Information on the accuracy of meteorological observation is essential to
assess the applicability of the measurements. In general, accuracy information
is difficult to obtain in operational situations, since the truth is unknown.
One method to determine this accuracy is by comparison with the model
equivalent of the observation. The advantage of this method is that all
measured parameters can be evaluated, from 2 m temperature observation
to satellite radiances. The drawback is that these comparisons also contain
the (unknown) model error. By applying the so-called triple-collocation
method

Quantifying observation errors is of major importance to correctly use or
interpret the measured information. For example, the optimal use of
observations in assimilation, using variational techniques, is directly
related to the assignment of the correct observation error values. An
underestimation of the error will result in a model initialization, which is
too tight to the observation, while an overestimation of the error will
result in a too weak constraint and thus observations will not be optimally
exploited. Determining the measurement error can be performed in laboratory
environments, which try to mimic the reality as well as possible. Intercomparison studies can also serve as a valuable source for information on the
error characteristics of an observation

A method to avoid the information on the truth while estimating the
uncertainty of three collocated observations in space and time was developed
by

Although radiosonde observations are regarded as a reference in meteorology,
these observations are not exploited in this study. At present, due to budget
cuts, only one launch per day at 00:00 UTC is performed. At that time the number
of aircraft landing at or departing from Schiphol airport is very low (i.e. 01:00 LT or 02:00 LT depending on summer- or wintertime),
and thus this will
hamper the number of collocations, especially in the boundary layer.
Furthermore, the distance between the radiosonde launch site (De Bilt) and
the airport is more than 30 km. Nevertheless, radiosonde observations are a
valuable source for detecting model deficiencies

This paper is organized as follows. In Sect.

In this section the data sources used in the present study are described. First a description is given of Mode-S EHS observations, followed by radar and sodar. The used NWP model is described last.

Aircraft are equipped with sensors for flight efficiency and safety. For this
purpose, an aircraft measures the speed of the aircraft, its position, and
ambient temperature and pressure. For a few decades a selection of these
observations are transmitted to a ground station using the AMDAR system. An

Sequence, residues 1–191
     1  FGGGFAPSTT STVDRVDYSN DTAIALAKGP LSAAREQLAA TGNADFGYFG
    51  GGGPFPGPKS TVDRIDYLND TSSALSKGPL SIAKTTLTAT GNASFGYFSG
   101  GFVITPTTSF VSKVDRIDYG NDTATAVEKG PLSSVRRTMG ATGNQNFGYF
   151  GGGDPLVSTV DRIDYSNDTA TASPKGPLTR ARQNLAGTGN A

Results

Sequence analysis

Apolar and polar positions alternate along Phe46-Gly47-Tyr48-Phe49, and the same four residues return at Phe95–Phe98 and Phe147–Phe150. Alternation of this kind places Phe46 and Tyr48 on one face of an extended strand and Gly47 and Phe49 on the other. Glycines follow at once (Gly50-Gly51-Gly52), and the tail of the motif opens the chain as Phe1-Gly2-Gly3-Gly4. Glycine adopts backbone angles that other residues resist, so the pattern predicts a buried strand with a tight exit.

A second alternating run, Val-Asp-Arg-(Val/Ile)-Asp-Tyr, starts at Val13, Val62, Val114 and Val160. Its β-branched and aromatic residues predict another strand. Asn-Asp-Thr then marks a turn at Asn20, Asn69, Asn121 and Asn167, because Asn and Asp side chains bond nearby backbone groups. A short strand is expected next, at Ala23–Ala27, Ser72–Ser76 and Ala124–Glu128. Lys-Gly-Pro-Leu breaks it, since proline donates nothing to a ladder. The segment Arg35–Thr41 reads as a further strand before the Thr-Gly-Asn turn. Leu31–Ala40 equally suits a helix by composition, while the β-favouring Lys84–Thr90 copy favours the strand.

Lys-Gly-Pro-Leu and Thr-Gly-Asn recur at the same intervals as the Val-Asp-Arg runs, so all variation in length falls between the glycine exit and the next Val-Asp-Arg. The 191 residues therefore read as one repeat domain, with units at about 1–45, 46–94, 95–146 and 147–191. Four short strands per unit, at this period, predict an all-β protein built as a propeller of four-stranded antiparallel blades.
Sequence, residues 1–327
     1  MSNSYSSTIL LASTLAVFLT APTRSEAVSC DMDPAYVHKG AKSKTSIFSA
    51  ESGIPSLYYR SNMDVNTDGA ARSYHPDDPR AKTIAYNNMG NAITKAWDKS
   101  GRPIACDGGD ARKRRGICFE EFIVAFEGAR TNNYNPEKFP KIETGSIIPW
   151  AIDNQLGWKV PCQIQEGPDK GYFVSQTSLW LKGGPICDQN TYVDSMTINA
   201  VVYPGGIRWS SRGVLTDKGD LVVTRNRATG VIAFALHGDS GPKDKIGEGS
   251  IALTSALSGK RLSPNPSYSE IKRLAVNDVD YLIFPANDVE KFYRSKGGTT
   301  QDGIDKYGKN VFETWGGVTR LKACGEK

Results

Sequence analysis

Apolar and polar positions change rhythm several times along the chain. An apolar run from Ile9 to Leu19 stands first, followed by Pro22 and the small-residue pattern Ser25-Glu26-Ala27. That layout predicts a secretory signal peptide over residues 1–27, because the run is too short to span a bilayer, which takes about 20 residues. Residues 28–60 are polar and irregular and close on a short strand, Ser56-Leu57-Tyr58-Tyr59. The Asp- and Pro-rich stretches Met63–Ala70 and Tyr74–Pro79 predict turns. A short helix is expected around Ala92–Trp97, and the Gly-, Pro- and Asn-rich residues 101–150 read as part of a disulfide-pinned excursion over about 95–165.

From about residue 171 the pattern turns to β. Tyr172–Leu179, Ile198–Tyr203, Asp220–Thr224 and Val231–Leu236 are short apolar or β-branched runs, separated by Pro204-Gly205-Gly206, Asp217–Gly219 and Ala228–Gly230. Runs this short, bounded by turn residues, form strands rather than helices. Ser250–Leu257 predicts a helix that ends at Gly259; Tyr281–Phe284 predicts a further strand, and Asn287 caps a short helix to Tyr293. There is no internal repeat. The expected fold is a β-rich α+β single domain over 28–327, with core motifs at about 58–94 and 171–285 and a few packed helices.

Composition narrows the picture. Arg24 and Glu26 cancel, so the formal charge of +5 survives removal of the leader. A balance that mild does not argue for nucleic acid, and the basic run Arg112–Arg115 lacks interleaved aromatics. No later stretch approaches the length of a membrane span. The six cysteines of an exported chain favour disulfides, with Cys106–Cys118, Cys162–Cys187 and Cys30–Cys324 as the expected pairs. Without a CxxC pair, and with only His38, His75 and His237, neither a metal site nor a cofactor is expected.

atmospheric profile can be generated when measurements are taken during
take-off and landing. See

An SSR has a typical interrogation frequency of once every 4 to 20 s.
Consequently, wind and temperature are observed at these same rates, and with
a typical cruising speed of 250 m s

The difference between Mode-S EHS and AMDAR lies in the method of retrieving the data. AMDAR data are transmitted through a dedicated relay system, and AMDAR observations are initiated on request of the meteorological community. Not all aircraft are AMDAR equipped; only selected aircraft have the AMDAR software implemented on their on-board computer.

The focus of this paper is on wind, although (mean-layer) temperature is also available in Mode-S EHS or ADS-B information; temperature will be investigated in future research.

A Doppler weather radar is capable of determining one component of the
velocity of scattering particles. Only the velocity component along the line
of sight, the so-called radial velocity, can be determined. A Doppler radar
is commonly associated with measurements of frequency shifts because of the
low velocities of hydrometeors. However, these shifts cannot be observed
directly. The phase of the scattered electromagnetic waves is employed to
determine the Doppler frequency shift instead. During pulse-pair processing,
the velocity is effectively deduced from the phase jump of the received
signal. The unambiguous velocity interval of the instrument, especially for
C-band radars, is enhanced by applying a dual-pulse repetition frequency
(PRF). The two Royal Netherlands Meteorological Institute (KNMI) radars
are C-band with a wavelength of 5.3 cm. The high PRF is chosen to be four-thirds of
the low PRF, resulting in an unambiguous velocity of 4 times the low PRF
unambiguous velocity, which is 23 m s

A sodar (sonic detection and ranging) is a ground-based remote-sensing
instrument for measuring wind and turbulence in the lower atmosphere. A
mono-static sodar is operated and maintained by KNMI at Amsterdam Airport
Schiphol (AAS) since March 2006. A sodar emits short acoustic pulses into the
atmosphere and receives atmospheric echoes generated by small-scale density
fluctuations that are associated only with thermally driven turbulence, which
is not always present. The transmitted signals can be phase shifted to point
the beam in different directions. At Schiphol, three are in use for the